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How Much Does It Cost To Live In These Famous Haunted Houses?

Ghosts not included.

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1. The Shandor Building (Ghostbusters) -- $1,285,000


55 Central Park West, New York, NY

Built in 1929, “Spook Central” is actuality a swanky co-op overlooking Central Park. While the rooftop temple doesn’t exist -- it was a matte painting added in post-production -- the historic landmark boasts stunning views of Manhattan and famous residents like Calvin Kline and fashion designer Donna Karan. Prices vary by unit; the coveted penthouse apartment is currently for sale at a cool $35 million. Egg-cooking counters and fridge-based hellscapes come extra.

2. The Ennis House (The House on Haunted Hill) -- $4,500,000


2607 Glendower Ave, Los Angeles, CA

When the Ennis House -- the setting of William Castle’s notorious schlocker -- was put up for sale in 2009, it was listed at $15 million. Two years later, billionaire Ronald Burkle picked up the Frank Lloyd Wright-designed home for less than a third of that. Forget ghosts. Economic collapse is what’s really scary.

3. Katie and Micah’s Suburban Palace (Paranormal Activity) -- $560,887


13236 or 13339 Bavarian Drive, Rancho Penasquitos, San Diego, CA

There’s some debate about the exact address of the Paranormal Activity house. See, director Oren Peli -- who used his own home in the production of his $15,000 horror hit -- lived in one of those tract-housing communities where all the houses look almost exactly the same. It makes sense; after all, his movie looks almost exactly like The Blair Witch Project.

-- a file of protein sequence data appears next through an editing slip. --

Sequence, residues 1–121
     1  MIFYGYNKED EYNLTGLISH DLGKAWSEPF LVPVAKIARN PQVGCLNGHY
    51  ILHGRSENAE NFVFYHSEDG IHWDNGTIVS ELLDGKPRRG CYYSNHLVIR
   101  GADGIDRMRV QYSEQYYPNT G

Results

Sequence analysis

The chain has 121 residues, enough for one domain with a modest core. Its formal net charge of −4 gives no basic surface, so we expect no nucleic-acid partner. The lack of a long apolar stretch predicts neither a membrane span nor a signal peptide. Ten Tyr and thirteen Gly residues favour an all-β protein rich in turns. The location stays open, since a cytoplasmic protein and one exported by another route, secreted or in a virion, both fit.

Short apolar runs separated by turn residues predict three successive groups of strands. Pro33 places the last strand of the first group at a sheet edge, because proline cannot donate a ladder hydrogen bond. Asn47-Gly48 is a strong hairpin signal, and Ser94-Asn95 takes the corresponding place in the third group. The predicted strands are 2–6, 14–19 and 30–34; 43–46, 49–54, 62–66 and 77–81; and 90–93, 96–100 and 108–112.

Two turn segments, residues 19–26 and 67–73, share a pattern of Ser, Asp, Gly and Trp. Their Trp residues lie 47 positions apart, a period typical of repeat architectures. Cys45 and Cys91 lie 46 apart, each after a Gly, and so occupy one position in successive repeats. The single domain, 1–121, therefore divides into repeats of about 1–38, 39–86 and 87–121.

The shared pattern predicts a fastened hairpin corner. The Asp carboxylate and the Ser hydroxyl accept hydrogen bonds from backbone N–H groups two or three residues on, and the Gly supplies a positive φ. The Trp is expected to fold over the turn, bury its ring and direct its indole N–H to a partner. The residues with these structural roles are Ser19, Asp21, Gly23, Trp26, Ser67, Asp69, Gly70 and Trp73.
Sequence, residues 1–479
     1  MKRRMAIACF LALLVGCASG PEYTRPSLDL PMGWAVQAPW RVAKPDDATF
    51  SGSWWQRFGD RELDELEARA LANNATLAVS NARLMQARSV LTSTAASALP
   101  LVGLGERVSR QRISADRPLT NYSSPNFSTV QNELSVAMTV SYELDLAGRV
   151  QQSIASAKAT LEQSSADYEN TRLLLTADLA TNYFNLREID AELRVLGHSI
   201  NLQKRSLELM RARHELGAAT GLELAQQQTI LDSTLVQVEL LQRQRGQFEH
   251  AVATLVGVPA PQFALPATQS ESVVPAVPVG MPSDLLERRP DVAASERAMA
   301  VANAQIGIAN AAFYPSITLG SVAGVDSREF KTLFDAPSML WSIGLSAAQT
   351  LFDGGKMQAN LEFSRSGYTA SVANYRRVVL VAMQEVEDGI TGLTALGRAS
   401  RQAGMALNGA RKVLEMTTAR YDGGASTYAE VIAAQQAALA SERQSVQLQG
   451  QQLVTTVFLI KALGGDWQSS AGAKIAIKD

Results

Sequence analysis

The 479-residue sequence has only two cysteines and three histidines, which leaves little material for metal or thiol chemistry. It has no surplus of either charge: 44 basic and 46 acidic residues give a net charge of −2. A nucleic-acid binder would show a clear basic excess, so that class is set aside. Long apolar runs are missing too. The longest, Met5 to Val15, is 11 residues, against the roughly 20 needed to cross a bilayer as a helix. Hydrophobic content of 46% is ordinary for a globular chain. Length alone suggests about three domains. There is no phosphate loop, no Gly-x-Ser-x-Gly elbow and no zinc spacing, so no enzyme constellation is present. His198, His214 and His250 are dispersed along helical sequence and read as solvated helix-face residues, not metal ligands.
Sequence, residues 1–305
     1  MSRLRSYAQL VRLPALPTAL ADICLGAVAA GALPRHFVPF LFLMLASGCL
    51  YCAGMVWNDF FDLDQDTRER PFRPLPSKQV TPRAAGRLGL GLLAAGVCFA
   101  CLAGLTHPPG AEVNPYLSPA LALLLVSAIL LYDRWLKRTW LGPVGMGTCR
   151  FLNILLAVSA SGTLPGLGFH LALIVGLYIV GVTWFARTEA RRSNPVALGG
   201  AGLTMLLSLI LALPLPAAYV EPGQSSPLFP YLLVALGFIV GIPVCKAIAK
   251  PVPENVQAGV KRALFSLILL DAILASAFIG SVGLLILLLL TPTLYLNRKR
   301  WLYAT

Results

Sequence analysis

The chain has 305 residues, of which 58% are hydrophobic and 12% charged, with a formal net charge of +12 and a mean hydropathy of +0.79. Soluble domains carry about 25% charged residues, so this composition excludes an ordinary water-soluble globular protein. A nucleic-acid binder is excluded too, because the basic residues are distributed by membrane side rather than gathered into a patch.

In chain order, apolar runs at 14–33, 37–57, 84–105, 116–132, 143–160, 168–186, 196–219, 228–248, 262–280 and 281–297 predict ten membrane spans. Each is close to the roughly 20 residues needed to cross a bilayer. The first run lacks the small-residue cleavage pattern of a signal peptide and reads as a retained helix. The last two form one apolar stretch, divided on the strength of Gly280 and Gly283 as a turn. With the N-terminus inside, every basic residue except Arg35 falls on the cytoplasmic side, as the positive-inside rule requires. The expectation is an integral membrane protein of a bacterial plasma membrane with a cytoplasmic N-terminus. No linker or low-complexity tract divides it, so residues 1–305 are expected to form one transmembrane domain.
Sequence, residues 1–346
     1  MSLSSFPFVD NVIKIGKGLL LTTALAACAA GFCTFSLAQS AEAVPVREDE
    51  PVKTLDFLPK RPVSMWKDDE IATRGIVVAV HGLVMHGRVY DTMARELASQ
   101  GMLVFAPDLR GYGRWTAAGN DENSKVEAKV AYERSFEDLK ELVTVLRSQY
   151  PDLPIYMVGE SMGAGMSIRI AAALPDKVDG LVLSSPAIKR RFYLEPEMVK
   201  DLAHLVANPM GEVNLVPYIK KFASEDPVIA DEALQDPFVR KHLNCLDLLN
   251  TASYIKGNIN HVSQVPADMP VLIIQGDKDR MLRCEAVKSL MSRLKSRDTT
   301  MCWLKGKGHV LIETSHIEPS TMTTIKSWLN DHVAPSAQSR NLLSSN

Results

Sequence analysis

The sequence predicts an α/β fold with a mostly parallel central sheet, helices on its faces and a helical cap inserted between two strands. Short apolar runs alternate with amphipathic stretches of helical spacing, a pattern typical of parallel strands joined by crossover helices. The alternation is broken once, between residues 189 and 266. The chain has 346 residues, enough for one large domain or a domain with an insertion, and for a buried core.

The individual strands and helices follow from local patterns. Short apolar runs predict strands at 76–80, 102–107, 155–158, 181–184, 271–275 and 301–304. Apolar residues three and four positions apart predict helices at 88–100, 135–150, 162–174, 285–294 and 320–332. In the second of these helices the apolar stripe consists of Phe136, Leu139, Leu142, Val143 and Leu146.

4. The Freelings’ (Poltergeist) -- $143,500


4267 Roxbury Street, Simi Valley, California

Although the 1994 Northridge quake almost did it in, the site of The Beast’s first attack is very much not in the Netherworld. That was actually a four-foot model, positioned over an industrial vacuum while special effects guys fired at it with shotguns. The house is built on top of an old cemetery, though. That part is totally true.

5. The Lamberts’ Totally Not-Haunted Back-Up House (Insidious) -- $5,500/month


1153 S Point View St., Los Angeles, CA

Unlike most of the houses on this list, you actually have a shot at this one; this cozy little 3-bedroom was available for rent as recently as September. This is actually the second house featured in the film. See, the twist (as the movie’s poster puts it) is that “it’s not the house that’s haunted.” Thanks for spoiling that, poster.

6. The McNeil House (The Exorcist) -- $2,586,590


3600 Prospect St NW, Washington DC

Despite what you see on-screen during William Friedkin’s famous possession flick, the house that Pazuzu built doesn’t actually have an attic. Or a side-wing. Or those famous “Hitchcock” stairs (they’re on the other side of the fence). But hey, it also doesn’t have three crappy sequels, so that’s something.

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